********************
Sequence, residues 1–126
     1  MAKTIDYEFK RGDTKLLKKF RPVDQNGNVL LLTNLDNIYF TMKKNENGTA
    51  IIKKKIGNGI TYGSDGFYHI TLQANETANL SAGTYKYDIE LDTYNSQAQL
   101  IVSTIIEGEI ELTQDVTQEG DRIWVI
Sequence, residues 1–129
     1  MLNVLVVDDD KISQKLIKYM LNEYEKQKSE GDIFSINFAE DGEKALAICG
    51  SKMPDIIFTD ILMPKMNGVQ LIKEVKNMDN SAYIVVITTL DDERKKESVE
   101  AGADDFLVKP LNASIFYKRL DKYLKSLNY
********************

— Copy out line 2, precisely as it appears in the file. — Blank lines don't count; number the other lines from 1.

     1  MAKTIDYEFK RGDTKLLKKF RPVDQNGNVL LLTNLDNIYF TMKKNENGTA